Signs of Depression

Signs of Depression

Depression is one of the most common mental health issues found in the world. Over 264 million people are affected by this disorder.

As human beings, it’s natural to have mild to intense feelings of sadness or not feeling like your usual self from time to time. However, if it lasts a while and is very severe, then you might have a depressive disorder.

In this article, we’ll discuss depression in detail, so you know what to look out for. This includes causes and signs of depression, and more.

What Is Depression?

Most people understand the depressive episode as a state of being very sad. While that can certainly be true, there’s actually much more to depression than just that.

It’s a persistent mood disorder where you not only feel negatively about things, but you might also lose interest in passions and interests too. This means that in addition to feeling sad, you might feel apathetic and even emotionless at times.

Not only can it affect your mental health, but mental disorders can actually affect your physical health as well. We’ll discuss this more in a later section.

Types of Depression

There are actually several forms of depressive disorders a person might go through. Read on to find out more about the common ones seen in patients.

Major Depressive Disorder

This is one of the most common kind people in the United Kingdom get. 19.7% of people in the UK from the age of 16 and over displayed symptoms of anxiety or depression, this represents 7.1% of the adult population that has had a major depression episode at least once in their lives. A major depressive episode can happen for no reason, even if things are going well in life.

This sort of mental disorder can be pretty severe and lasts anywhere from a few weeks to months. Symptoms will also be persistent.

Major depression hits each individual differently. Many only go through it once, while others will have numerous episodes in their lives.

Chronic Depression

Chronic depression is also known as “persistent depression” or “dysthymia.” As the name suggests, this form can last a bit longer than with other cases. In general, chronic depression lasts 2 years or more.

The good news is while this disorder is longer than major depression, the symptoms are not as intense. Also, the intensity of symptoms may decrease over time and then increase again. This can cause you to go through a small rollercoaster of emotions for several years.

Unfortunately, it’s possible to experience chronic depression in addition to major depression. As you can imagine, double depression can be quite disruptive to your normal everyday life.

Manic Depression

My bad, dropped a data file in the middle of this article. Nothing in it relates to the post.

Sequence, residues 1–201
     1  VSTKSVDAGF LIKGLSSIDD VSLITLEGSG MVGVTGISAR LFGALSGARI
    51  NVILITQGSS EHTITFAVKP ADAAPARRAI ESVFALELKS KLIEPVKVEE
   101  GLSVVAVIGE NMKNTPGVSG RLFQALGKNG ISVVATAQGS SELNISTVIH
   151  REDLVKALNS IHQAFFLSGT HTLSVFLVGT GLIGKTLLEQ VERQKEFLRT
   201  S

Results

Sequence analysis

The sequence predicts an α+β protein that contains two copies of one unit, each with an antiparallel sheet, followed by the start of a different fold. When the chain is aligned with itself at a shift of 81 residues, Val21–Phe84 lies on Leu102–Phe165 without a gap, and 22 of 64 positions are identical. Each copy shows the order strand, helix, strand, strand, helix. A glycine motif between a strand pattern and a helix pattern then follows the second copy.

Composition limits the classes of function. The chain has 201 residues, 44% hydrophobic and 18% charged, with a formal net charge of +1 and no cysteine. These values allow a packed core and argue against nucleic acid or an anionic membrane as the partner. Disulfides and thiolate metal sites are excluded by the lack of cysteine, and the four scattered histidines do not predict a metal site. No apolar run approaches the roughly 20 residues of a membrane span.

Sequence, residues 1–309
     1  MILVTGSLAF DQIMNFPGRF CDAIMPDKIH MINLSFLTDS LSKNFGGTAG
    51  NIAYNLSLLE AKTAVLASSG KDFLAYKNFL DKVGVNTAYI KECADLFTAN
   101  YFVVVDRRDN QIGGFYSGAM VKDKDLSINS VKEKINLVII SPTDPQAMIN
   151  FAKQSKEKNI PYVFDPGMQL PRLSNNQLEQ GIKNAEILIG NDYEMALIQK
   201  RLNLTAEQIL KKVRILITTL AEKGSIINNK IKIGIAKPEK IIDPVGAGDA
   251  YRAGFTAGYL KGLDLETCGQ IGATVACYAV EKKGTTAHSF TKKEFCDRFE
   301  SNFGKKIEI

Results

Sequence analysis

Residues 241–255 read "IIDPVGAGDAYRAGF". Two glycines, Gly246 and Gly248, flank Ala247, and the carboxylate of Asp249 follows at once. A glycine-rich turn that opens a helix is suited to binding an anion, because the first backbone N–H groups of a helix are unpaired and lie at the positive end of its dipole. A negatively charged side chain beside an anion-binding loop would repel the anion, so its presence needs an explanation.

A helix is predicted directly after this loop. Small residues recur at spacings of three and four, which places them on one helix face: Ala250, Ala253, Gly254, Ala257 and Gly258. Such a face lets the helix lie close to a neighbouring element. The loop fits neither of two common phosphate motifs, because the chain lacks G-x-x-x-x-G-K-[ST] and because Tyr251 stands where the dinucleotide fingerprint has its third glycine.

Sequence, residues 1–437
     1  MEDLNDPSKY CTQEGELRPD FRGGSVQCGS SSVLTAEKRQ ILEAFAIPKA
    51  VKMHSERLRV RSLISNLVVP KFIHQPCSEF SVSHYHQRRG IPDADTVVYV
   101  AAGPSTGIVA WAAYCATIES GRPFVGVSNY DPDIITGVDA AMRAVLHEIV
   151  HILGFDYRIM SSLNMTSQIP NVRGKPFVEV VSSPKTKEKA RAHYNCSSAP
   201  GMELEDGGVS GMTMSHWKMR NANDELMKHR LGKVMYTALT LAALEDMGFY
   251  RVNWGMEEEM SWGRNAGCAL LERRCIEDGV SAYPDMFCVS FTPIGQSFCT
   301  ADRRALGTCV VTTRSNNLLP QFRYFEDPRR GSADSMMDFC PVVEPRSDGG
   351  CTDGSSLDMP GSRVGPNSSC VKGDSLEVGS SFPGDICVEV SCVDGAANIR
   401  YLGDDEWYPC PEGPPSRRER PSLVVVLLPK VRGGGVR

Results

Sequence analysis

You might know manic depression better by another name: bipolar disorder. This is another mental health issue that many people in the United Kingdom struggle with; around 3 million people in the UK have this form. There are 2 main kinds: bipolar I and bipolar II disorder.

Bipolar disorder is slightly different disorder because those with it go through big rollercoasters of emotion. These are different from the normal ups and downs that everyone experiences in life.

As the name suggests, people go through 2 phases: depression and mania.

When they’re in the depressive stage, lots of symptoms overlap with major depression. Then, in the manic stage, they’ll experience the opposite, such as excessive energy, racing thoughts, risky behaviour, and euphoria.

These 2 stages alternate, with depression preceding mania. The manic phase will last around 7 days.

Some people may have a milder form of bipolar disorder called hypomania.

Seasonal Depression

Season affective disorder” (or SAD). As you may guess from the name, depends on what season it is. For the majority of people affected by SAD, they experience the most symptoms in wintertime.

There theories that SAD occurs because your body has a negative response to the decreasing amount of natural light that starts happening in fall. So when spring comes around again, your symptoms start decreasing, as natural light is increasing once again.

Causes of Depression

Clinical depression can affect someone for various reasons. However, the factors are unique to each person, so not every cause on this list will necessarily impact you.

Keep reading to see what the possible triggers are.

Life Events

depression

As we all know, life isn’t full of only positive events. Unfortunately, we have to deal with some trauma, such as the death of loved ones or of abuse.

It’s normal to go through the stages of grieving and to come to terms with things. However, some life events can be bad enough for some of us to go through full depression.

Even if you’re dealing with something neutral or positive (such as moving or getting a new job), this can stress you out enough to trigger their disorder.

Sometimes, it can be hard to tell the difference between normal emotions and depression.

Genetics

While it’s not as concrete as with physical disorders like Huntington’s disease, genetics does seem to play a part. If you have a family history of it (for instance, if your parents or grandparents had depression), then you have double the chance for this mental health issue.

Of course, you could have no known family history and still be more susceptible than others. This depends entirely on your unique genetic makeup.

For example, you might have more of a biological vulnerability than your friend, so a fight with a loved one can trigger depression for you while it doesn’t for them.

Medications You’re Taking